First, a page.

Fischer blames high prices on market concentration

Bank of Israel governor says protests over high cost of living came as a surprise; calls for new c'tee to check high prices.

By NADAV SHEMER
August 1, 2011 12:15
2 minute read.
Bank of Israel Governor Stanley Fischer

Stanley Fischer speech at BGU 311. (photo credit: Dani Machlis/BGU)

Bank of Israel Gov. Stanley Fischer admitted on Monday that nationwide protests over the high cost of living took him by surprise, and said the problem was mainly a result of market concentration.

Fischer called for the establishment of a committee to investigate the disparity in prices between Israel and the rest of the world.

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“I assume the problem is a lack of competition,” he said, speaking at a press conference at his Jerusalem office.

“We pay too much for vehicles because of the import tax, among other things. My impression is that the prices in Israel are very high.”

Fischer said there were four main problems that had to be dealt with: high housing prices, the cost of living, tax policy, and the government’s ability to provide services the public needs in a manner befitting the changing reality.

It was the first time Fischer has spoken out publicly on the cost of living since demonstrators began erecting tents in major cities more than two weeks ago to protest the rising cost of housing.

Calling the protests “very dramatic,” he said: “It was surprising, because according to all the economic data the market is very strong, with a low unemployment rate. But you can’t not be impressed by the fact that 150,000 people came to the demonstrations on Saturday night, and by what is happening in the tent cities all around the country.”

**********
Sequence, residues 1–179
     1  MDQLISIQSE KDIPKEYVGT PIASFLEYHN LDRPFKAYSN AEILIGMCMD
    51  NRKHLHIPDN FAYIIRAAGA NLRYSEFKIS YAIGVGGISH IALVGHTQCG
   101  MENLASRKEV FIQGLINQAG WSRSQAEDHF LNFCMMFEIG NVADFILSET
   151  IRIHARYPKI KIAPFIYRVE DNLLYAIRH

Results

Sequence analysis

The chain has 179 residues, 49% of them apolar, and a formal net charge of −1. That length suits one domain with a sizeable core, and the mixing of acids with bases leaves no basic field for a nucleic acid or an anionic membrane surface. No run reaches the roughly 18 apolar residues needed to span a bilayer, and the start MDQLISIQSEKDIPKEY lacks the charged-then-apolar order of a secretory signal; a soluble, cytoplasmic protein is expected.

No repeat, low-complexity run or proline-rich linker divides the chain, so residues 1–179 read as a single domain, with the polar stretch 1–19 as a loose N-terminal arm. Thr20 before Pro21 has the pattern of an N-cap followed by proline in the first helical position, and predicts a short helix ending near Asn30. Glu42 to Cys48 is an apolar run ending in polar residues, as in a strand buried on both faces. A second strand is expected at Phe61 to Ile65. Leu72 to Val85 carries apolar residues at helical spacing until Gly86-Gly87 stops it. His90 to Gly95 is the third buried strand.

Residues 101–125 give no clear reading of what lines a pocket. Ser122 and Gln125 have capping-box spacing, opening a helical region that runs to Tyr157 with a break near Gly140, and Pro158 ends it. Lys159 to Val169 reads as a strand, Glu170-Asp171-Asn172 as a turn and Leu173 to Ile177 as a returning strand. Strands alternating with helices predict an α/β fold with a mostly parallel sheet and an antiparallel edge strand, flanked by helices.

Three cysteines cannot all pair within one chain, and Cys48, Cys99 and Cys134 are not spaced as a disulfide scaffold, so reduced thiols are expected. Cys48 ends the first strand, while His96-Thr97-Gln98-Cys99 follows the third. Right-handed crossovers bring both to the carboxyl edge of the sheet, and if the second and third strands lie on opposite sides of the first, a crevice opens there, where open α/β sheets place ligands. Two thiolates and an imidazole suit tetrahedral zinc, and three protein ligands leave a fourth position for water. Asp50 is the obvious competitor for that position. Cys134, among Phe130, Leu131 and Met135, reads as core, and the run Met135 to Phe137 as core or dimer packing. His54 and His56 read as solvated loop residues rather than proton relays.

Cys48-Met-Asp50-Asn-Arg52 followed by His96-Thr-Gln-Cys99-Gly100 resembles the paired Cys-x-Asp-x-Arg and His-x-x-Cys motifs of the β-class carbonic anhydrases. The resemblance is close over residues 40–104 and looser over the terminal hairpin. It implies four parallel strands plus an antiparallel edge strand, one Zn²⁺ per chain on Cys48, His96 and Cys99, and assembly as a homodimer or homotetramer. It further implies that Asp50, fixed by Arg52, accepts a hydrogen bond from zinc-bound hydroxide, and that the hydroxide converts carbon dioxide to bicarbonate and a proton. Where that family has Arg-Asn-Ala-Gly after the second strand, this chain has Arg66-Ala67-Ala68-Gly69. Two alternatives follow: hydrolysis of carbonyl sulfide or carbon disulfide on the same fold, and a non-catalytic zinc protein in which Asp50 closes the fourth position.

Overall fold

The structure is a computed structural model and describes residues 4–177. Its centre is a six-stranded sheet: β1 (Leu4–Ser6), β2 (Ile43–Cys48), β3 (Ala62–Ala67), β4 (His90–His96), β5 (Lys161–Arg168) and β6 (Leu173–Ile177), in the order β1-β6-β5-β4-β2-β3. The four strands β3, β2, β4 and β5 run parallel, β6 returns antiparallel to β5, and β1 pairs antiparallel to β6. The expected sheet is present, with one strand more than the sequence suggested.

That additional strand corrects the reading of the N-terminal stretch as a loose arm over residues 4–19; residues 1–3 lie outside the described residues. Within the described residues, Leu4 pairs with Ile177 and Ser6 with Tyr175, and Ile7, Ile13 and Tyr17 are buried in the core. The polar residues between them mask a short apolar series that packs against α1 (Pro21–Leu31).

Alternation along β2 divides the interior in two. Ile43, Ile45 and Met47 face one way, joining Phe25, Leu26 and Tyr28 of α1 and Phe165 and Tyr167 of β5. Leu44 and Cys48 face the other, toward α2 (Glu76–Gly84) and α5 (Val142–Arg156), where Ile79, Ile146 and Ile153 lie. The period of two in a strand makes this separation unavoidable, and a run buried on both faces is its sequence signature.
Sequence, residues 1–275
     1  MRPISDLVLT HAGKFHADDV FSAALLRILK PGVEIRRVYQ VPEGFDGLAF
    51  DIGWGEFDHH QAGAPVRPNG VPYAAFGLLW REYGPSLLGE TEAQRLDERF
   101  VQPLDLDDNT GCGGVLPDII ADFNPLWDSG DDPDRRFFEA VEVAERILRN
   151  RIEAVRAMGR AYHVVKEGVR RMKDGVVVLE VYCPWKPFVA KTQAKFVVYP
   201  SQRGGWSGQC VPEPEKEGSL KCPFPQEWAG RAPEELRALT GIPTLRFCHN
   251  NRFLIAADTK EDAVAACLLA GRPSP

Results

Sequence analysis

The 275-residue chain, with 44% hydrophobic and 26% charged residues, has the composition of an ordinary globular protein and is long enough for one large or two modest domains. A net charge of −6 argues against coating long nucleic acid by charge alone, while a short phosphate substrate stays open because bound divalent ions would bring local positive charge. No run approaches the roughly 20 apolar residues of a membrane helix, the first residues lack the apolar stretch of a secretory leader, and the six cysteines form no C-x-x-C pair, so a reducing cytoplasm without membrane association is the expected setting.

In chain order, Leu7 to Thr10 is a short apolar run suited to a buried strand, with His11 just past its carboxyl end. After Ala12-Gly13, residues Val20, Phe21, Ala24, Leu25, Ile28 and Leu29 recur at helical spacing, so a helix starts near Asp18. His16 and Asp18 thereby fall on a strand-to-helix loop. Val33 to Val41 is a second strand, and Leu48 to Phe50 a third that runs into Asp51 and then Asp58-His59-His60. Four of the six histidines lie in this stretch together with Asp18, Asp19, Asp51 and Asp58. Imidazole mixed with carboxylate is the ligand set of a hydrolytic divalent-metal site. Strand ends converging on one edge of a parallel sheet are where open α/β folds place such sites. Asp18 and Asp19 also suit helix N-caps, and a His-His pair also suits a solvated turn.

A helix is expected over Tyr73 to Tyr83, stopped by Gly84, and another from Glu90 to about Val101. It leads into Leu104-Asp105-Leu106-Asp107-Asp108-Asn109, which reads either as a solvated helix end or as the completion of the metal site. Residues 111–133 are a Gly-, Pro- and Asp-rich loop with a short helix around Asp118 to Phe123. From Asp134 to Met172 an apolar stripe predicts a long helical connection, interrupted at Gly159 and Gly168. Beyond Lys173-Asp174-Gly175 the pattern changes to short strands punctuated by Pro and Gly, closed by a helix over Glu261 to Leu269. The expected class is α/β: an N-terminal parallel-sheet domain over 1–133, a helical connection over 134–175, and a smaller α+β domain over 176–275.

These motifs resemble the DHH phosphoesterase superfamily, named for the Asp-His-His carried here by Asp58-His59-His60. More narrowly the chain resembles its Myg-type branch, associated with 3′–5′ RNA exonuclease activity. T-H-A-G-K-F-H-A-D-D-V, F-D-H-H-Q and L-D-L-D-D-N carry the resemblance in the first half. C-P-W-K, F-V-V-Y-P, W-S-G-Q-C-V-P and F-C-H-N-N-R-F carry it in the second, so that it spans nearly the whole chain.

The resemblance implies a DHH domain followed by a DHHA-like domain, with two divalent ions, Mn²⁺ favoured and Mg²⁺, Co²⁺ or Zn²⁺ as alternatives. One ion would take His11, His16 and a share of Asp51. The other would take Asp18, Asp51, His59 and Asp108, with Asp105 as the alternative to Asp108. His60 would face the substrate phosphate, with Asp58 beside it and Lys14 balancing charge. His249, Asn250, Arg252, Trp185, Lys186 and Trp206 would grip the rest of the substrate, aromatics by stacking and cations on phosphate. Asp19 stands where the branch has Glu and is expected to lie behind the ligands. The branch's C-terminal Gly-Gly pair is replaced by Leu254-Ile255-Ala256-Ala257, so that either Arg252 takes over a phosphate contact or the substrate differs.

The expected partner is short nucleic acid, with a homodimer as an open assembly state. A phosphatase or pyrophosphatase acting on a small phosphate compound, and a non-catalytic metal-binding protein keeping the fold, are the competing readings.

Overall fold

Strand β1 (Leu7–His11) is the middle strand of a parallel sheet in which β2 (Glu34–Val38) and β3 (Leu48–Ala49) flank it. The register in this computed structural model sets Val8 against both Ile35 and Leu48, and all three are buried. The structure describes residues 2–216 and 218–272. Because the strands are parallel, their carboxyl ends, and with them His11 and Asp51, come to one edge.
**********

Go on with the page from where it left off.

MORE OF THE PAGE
Fischer spoke in depth about the housing crisis, rejecting criticism that the blame for soaring prices could be pinned on his dramatic lowering of the benchmark interest rate starting in September 2008.

“Had we not lowered the interest rate and just kept it at 4.25 percent, we wouldn’t have a housing problem, but instead we would have an unemployment problem similar to that of the USA and Europe, where it has reached almost 10%,” he said. “In addition, had the interest rate been higher, there would not have been more homes but rather less.”

The central bank governor welcomed Prime Minister Binyamin Netanyahu’s initiative to review taxation policy and recommended he first examine the increase in indirect taxes, such as VAT, compared with the drop in direct taxes, such as those on income. But he warned against reacting too quickly to protesters.

“There are no magic solutions to the problems,” Fischer said.

He also backed the prime minister’s National Housing Committee’s bill, which is intended to speed up housing construction by sending projects marked for expedited construction to subcommittees, and called for supervision teams to be established, as was done in the 1980s to deal with hyperinflation.

Turning to the protesters themselves, Fischer said they were the people who contributed to the state and its economic success, but their demands were political, and if they wanted to impact policy they must move beyond demonstrations and into the political arena.

“They must enter politics,” he said. “Work in the Knesset is difficult, convincing people is a more difficult job than determining the interest rate. [But] if the demonstrators don’t enter politics, it will be a loss for them and for us all.” •


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